Johannesburg, 05 Dec 2023
The end of 2022 was the end of the AI conversation. The conversation that said: "AI isn’t a valid solution, yet." Then the first ChatGPT headlines appeared: ‘The brilliance and weirdness of ChatGPT’, ‘ChatGPT is a tipping point for AI’, and ‘What is AI chatbot phenomenon ChatGPT?’
Little did these publications or headlines realise that less than a month later, ChatGPT would be the fastest growing application of all time, outstripping every other innovation’s adoption statistics by a hot mile. So, as the digital realm sits poised on the precipice of a new year, the question is simple – is there another ChatGPT phenomenon only a press release away?
Probably not. The digital realm is still picking up its skirts as it navigates through the complex landscape introduced by highly agile and functional generative AI solutions such as ChatGPT, Microsoft Copilot, Google Bard and GitHub CoPilot. Which means that the top trends for 2024 are likely shaped around how organisations and solutions will evolve and adapt around AI and its still largely untapped potential.
These trends reflect the evolving landscape of data analytics with a focus on accessibility, transparency and the integration of advanced technologies. AI will remain increasingly prevalent alongside machine learning in data analytics, while hybrid and multicloud technology will tap into AI to deliver even more relevant flexibility and security.
The biggest trends that will likely roar onto the scene over the coming year are:
01: Data democratisation will continue to gain traction, allowing for non-data literate professionals to gain access to data insights on demand. This will improve decision-making and visibility into performance and KPIs and will have the added benefit of transforming customer experiences.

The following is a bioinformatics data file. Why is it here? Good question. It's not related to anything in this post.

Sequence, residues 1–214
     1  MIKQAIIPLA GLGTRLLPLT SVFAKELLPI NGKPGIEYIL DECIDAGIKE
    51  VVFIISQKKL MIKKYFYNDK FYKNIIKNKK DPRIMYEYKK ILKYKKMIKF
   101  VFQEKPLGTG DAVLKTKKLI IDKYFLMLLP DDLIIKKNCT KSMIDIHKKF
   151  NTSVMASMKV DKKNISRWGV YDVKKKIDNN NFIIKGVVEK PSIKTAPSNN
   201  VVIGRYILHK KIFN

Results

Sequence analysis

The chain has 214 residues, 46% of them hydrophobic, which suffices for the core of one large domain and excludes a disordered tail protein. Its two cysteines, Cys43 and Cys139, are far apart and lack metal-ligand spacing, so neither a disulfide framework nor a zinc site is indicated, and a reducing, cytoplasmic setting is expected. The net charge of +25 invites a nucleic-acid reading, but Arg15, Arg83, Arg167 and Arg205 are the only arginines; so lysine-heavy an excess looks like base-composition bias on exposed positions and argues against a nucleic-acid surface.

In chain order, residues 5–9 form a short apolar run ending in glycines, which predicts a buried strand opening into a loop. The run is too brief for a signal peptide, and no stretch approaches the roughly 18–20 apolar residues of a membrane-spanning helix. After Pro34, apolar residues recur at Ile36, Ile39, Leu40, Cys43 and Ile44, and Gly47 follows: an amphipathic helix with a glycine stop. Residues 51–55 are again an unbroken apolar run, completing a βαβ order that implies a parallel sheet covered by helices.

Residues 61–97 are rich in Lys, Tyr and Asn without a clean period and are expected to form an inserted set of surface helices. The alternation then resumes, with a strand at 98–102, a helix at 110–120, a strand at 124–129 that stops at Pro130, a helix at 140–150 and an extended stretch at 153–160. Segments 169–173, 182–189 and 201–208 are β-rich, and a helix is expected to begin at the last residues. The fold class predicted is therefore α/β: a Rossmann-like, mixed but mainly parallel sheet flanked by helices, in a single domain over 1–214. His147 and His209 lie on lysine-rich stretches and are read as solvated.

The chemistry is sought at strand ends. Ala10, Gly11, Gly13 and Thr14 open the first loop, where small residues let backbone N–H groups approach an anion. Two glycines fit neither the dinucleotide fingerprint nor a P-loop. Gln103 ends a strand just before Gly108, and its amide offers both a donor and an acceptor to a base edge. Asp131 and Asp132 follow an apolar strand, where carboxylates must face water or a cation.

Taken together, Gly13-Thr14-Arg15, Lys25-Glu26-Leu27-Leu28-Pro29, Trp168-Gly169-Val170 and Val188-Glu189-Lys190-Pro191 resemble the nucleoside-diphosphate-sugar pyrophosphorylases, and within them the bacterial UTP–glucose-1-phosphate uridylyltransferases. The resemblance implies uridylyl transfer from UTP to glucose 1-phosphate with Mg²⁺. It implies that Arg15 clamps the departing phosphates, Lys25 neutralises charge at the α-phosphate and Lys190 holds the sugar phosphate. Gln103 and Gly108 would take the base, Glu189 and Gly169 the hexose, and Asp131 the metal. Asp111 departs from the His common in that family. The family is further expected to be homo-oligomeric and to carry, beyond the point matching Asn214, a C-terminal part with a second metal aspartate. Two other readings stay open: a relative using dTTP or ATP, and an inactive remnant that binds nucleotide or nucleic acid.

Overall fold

02: Emerging technologies and the shift to cloud and innovation are not just changing the operational dynamics within the business, but the people ones too. The human factor will continue to gain traction when it comes to investing into technology or getting the most from existing technology investments. Organisations will remain focused on adjusting legacy patterns of work and approaches so they can woo the talent that they need to optimise growth and innovation.
03: Skills, skills and upskills. Organisations need skilled people to make the most of AI. This isn’t just a team of hardcore Python developers kept safe and nurtured within the business. No, this is talent that has an in-depth understanding of AI, its impact, incoming trends and technologies to watch so that the business can re-align and adapt on demand. Plus, when people feel confident with the technology, their adoption rates are higher and the use cases more successful.
04: Edge analytics and augmented analytics will step into the limelight. Augmented analytics, combining AI and natural language processing (NLP) will create more user-friendly analytics tools, which will again drive data democratisation. Edge analytics will bring real-time data processing at source, which will add value to augmented analytics by increasing the speed to decision-making.
05: Data observability, governance and ethics will remain a priority for organisations. The emphasis on ethical data usage and compliance will remain high, particularly in light of AI’s impact, and this will play a role in enhancing the monitoring of data to ensure quality, reliability and compliance.
06: Continuous intelligence and XAI will become headline news and business must-haves. XAI (explainable AI) will make AI models transparent and accountable, while continuous intelligence will make real-time data more accessible for improved decision-making.
07: Data, data, data and some more data. Data for social good will continue its trajectory as data is used to address global challenges; data storytelling will tell insights more effectively and change the dynamic of data accessibility; data security will continue as a priority; and DataOps will streamline data pipelines for agility and reliability.